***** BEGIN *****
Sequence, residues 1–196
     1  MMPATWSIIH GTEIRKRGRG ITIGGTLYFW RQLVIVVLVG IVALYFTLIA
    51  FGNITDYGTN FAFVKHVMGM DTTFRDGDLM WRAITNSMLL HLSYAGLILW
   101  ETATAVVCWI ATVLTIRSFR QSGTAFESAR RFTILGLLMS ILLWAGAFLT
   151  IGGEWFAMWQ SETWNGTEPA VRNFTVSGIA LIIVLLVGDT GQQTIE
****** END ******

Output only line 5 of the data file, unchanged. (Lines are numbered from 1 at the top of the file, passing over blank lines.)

   151  IGGEWFAMWQ SETWNGTEPA VRNFTVSGIA LIIVLLVGDT GQQTIE